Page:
Private citizens who apply for Hurricane Harvey rebuilding funds in Dickinson, Texas no longer have to certify that they will not boycott Israel.
The Dickinson City Council on Tuesday voted to remove a clause from a relief application that had drawn the ire of the American Civil Liberties Union and pro-boycott activists, the Houston Chronicle reported.
The city, located near Houston, put the requirement in the application in order to comply with a new state law, signed in May, that requires all state contractors to certify that they are not participating in boycotts of Israel.
During the meeting on Tuesday, the council created two different applications for contracting with the city: one for businesses and one for private citizens. Businesses will still have to certify that they do not participate in the anti-Israel boycott.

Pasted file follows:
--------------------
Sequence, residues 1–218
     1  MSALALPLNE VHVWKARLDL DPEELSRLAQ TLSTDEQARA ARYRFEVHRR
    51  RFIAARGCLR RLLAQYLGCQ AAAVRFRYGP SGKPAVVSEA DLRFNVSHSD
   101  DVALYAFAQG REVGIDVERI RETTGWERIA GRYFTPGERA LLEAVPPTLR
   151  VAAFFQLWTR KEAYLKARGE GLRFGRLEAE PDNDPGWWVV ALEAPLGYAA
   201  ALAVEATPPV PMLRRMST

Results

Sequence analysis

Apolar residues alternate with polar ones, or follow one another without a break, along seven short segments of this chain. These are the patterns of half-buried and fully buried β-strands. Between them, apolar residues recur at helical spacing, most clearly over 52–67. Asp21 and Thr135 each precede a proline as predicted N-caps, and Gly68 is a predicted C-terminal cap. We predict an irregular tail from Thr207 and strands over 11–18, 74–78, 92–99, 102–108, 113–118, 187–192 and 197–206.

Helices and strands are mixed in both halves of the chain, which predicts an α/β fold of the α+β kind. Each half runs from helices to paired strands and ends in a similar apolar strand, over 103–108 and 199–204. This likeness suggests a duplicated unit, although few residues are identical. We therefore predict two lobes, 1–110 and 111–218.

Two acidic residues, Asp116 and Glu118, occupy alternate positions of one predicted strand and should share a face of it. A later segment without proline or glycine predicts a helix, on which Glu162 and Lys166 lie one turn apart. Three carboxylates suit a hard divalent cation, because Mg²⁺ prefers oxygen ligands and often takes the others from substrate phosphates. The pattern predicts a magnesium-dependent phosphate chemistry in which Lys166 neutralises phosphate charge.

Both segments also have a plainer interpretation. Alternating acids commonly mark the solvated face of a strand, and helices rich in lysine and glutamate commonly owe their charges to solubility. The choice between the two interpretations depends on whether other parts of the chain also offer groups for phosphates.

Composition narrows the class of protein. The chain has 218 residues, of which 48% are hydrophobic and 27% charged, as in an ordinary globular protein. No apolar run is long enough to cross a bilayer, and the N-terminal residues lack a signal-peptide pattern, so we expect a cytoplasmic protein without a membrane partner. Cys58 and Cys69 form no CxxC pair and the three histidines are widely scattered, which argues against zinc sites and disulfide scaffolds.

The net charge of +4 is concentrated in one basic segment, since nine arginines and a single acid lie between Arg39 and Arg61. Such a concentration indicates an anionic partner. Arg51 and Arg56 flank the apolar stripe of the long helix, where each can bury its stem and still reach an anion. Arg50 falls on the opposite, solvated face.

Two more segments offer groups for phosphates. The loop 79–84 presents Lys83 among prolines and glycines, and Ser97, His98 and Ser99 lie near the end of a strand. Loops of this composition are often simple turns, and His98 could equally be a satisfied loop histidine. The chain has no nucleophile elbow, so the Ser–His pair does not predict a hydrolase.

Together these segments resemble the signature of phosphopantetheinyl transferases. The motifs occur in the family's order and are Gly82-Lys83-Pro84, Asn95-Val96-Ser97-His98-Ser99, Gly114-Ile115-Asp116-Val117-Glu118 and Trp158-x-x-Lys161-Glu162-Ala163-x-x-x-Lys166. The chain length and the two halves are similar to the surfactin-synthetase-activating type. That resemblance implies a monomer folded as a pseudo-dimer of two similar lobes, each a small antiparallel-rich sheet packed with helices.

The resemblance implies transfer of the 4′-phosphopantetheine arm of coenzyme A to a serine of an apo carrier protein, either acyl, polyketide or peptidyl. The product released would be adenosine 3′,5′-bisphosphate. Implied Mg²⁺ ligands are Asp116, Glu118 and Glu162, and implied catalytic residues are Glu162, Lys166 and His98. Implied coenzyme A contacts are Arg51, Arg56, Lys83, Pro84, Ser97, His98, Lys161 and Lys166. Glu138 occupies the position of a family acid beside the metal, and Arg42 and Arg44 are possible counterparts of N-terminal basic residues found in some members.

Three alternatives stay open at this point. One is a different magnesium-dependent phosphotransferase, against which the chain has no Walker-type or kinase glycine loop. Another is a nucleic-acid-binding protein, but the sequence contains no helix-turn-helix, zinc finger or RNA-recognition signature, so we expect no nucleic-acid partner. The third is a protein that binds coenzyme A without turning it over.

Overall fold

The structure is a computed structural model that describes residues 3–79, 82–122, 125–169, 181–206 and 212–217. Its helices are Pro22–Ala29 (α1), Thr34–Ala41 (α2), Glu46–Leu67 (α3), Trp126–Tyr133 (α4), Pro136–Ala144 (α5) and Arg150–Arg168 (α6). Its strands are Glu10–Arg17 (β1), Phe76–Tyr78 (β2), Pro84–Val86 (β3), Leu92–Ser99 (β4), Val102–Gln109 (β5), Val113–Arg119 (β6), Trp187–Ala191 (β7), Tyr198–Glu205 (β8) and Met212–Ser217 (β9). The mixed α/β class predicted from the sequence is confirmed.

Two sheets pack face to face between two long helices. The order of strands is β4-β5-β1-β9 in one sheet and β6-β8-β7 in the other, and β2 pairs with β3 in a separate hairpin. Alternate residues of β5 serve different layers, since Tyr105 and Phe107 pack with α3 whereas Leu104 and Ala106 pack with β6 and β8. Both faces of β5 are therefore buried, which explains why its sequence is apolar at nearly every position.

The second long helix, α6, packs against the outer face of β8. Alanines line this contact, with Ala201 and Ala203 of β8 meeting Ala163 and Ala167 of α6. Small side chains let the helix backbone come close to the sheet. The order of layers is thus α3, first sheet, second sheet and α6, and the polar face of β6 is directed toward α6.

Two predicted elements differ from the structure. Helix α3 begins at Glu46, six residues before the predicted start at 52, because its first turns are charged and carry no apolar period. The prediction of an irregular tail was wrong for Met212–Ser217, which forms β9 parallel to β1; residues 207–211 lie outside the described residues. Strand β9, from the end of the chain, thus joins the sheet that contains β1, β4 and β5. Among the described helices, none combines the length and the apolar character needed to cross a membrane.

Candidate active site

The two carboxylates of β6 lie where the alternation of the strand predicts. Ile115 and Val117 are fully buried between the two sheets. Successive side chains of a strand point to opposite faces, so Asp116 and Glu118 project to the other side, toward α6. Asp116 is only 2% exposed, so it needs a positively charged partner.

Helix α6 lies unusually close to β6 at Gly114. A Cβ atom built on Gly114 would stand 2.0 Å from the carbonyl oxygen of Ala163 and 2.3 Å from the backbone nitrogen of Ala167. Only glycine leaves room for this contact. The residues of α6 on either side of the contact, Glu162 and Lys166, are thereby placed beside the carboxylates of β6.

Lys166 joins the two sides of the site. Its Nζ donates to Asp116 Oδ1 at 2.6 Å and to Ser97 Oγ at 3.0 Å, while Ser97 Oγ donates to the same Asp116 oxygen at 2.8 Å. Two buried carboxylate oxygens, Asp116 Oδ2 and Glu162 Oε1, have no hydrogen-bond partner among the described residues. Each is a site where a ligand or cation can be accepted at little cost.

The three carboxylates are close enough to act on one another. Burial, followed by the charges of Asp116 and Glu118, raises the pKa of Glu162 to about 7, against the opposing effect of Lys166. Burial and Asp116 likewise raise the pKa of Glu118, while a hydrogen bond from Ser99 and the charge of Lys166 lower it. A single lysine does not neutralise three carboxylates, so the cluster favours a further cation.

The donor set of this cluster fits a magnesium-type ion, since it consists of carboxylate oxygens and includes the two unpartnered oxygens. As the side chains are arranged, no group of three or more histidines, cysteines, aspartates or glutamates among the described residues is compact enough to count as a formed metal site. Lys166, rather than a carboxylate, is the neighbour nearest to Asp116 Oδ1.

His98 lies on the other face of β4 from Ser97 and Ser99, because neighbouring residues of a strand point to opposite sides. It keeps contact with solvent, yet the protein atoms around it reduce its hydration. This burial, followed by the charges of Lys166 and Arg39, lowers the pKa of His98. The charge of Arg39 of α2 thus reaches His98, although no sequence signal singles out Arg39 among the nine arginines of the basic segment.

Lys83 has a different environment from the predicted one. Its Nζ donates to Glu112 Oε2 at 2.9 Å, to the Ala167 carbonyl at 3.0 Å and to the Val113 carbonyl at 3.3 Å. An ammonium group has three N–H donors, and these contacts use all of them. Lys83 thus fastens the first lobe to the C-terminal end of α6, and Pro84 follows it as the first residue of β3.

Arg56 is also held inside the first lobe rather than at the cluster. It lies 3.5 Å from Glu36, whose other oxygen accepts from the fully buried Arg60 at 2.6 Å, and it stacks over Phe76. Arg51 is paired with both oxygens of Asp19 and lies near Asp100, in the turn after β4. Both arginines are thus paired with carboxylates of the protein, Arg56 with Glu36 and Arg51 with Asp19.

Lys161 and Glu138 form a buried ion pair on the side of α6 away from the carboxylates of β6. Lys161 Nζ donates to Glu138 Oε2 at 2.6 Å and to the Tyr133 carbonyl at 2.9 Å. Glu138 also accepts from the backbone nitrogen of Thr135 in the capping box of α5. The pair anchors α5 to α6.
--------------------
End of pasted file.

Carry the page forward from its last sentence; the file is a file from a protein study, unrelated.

Dickinson, a city of about 19,000, was hit especially hard by Harvey. More than three-quarters of its homes were damaged by the hurricane, and 830 were destroyed.
State Rep. Phil King, the author of the state legislation, said last week that the law, which went into effect on Sept. 1, “in no way applies to the type of situation that happened in Dickinson.”
The ACLU complained that linking aid to an individual’s support of the Israel boycott is a violation of free speech rights.